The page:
The Fresh Air Camp in Thiensville

If you were a child living near 10th and Walnut in the summer of 1926, you may have had the fortune to attend a camp out in the country on the Milwaukee River. You probably boarded a train or streetcar in downtown Milwaukee and made the trip to Thiensville. From there, you may have boarded a raft or climbed on a farmer’s hay wagon for the ride to camp.

Once you got to camp with your shopping bag containing toothbrush and underwear, you were weighed and measured and given a uniform. If you were a girl, you hoped the bloomers buttoned to the blouse somewhere near your waist.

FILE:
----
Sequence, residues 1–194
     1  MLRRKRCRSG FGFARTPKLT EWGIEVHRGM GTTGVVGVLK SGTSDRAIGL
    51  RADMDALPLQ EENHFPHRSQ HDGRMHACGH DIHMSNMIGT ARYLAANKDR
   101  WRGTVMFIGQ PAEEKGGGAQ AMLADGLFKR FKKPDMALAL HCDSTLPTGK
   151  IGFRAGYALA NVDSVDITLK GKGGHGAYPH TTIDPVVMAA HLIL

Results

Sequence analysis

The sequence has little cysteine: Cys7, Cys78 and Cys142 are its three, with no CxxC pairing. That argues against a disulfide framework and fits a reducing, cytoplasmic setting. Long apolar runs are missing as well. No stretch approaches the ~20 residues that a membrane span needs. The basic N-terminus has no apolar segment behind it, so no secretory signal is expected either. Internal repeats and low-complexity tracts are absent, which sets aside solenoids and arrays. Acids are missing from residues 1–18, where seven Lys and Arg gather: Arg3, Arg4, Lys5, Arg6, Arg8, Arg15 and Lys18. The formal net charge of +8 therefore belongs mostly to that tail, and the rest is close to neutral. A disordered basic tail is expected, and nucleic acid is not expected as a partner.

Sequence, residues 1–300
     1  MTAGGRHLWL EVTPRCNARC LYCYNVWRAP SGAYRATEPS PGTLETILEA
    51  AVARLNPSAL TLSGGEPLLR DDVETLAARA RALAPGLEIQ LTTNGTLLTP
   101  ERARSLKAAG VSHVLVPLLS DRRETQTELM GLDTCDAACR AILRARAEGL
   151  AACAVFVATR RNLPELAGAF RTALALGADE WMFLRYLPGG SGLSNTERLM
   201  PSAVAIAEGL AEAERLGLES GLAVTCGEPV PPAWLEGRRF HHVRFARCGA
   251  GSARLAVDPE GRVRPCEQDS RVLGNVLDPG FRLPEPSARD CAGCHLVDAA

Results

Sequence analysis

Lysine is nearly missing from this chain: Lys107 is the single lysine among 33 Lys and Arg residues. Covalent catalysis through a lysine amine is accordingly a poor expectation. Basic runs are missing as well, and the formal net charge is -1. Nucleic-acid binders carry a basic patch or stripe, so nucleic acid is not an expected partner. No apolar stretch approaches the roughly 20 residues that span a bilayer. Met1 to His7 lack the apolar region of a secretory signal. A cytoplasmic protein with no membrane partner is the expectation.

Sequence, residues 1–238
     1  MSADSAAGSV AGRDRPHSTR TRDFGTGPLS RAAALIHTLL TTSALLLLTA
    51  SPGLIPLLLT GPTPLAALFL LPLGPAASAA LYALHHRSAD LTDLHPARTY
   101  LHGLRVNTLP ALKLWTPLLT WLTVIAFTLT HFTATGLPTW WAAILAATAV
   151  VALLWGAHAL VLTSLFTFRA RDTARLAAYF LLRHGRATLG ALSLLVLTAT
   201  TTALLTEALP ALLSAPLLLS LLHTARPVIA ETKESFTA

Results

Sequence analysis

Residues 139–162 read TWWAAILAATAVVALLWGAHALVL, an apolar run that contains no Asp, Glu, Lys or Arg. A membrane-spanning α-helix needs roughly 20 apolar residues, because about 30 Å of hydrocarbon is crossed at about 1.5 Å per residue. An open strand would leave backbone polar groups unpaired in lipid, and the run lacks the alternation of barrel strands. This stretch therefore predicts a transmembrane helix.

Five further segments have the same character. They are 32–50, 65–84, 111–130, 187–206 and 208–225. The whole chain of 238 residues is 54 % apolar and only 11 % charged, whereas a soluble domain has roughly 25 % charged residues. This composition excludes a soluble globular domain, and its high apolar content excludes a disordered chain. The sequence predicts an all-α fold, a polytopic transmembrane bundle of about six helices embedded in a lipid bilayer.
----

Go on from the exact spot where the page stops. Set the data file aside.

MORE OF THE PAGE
During their time at camp, boys played sports and hiked, while girls concentrated on building domestic skills, swimming in the river and playing croquet.

These pictures were taken during a session at the Fresh Air Camp in 1926.

This house on the Milwaukee River was commonly called “The Home”. Children attending the camp were referred by the Jewish Social Service of the Abraham Lincoln House and the Municipal Health Clinic.

Girls attending the camp in 1926 received good food, learned good manners and thrived in the fresh air.

These girls are celebrating the Fourth of July. The building you see in the background is the dining room wing of the former Boder’s Restaurant.



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